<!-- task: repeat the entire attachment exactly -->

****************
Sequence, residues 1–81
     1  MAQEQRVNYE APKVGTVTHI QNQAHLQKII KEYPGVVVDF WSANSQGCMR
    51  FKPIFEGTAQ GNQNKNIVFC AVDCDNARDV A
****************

Sequence, residues 1–81
     1  MAQEQRVNYE APKVGTVTHI QNQAHLQKII KEYPGVVVDF WSANSQGCMR
    51  FKPIFEGTAQ GNQNKNIVFC AVDCDNARDV A